Don't be lazy, just wiki "hoffman's transfer" and plug in the numbers, the formula is already there.
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Old March 21st, 2012   #6
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Hmm is this a home work question? Lack of context and how it structured implies yes.

If you are after the velocity required with instant velocity (ie unrealistic) then it is a simple application of the Hohman (as the new texts call it) orbit formula which is really just the conservation of energy.

Remember your changing orbits around the sun.

It however isn't the ideal equation to calculate interplanetary travel because it doesn't take in effect all of the factors that realistically happen.
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Old March 22nd, 2012   #7
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Hmm is this a home work question? Lack of context and how it structured implies yes.

If you are after the velocity required with instant velocity (ie unrealistic) then it is a simple application of the Hohman (as the new texts call it) orbit formula which is really just the conservation of energy.

Remember your changing orbits around the sun.

It however isn't the ideal equation to calculate interplanetary travel because it doesn't take in effect all of the factors that realistically happen.
.Ive been reading a little bit about interplanetary orbital transfers in MIT opencourse materials and juz want wanted to calculate theoretically the velocity increments needed for the transfer.I did some vague calculations and got first velcoity increment from orbit of earth around the sun to elliptcal orbit around the sun as 2.9km/s and then to an orbit of mars around the sun as 2.6km/sec(talking into consideration only the conservation of energy).But couldnt find any source to verify my answers.Further i want to add practcality into this theoretical speed to arrive at final speed required and would be great if you guyz could help me out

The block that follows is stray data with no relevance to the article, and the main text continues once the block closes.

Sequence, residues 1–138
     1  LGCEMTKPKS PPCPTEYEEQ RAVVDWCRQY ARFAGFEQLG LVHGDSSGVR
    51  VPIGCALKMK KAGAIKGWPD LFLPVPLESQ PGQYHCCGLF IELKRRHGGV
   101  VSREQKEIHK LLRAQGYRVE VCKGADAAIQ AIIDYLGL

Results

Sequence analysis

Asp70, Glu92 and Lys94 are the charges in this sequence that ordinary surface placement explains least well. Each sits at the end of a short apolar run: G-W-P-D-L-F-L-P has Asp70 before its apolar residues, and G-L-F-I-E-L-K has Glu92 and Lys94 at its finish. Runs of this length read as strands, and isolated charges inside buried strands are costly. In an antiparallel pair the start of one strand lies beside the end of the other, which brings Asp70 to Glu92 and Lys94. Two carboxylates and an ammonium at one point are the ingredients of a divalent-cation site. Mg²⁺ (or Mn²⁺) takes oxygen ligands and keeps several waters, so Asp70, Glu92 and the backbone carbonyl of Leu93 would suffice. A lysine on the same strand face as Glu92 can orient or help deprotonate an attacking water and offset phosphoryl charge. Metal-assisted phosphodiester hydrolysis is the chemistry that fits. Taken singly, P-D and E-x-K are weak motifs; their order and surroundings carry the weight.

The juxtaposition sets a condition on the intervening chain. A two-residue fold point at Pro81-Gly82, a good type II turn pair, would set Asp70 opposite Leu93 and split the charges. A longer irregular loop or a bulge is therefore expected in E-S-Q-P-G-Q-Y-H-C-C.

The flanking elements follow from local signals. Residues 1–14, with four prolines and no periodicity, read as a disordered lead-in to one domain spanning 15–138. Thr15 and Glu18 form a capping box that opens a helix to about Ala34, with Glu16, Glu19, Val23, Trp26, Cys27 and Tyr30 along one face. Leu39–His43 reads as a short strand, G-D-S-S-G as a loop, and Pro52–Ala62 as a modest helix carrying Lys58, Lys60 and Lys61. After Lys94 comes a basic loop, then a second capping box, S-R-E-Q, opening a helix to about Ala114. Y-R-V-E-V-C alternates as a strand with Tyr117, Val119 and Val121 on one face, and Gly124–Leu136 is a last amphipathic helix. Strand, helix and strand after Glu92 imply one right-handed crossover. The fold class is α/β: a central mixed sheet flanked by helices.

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Old August 5th, 2012   #8
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Oke boys, today Mars Science Laboratory will land on the surface of Mars. It will be about 2 hours from now.....cant wait until we receive the first data and pictures.....

For more info and updates:
Mars Science Laboratory
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Old August 6th, 2012   #9
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Mars Science Laboratory just landed.
(more or less) live at CNN.com International - Breaking, World, Business, Sports, Entertainment and Video News
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Old August 7th, 2012   #10
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Mars Science Laboratory just landed.
(more or less) live at CNN.com International - Breaking, World, Business, Sports, Entertainment and Video News
Its awesome aint it

The mission is for 2 year but if this one can stand up to the 5 years till the reactor runs out it would be awesome and kinda normal. The others were only supposed to last a few months.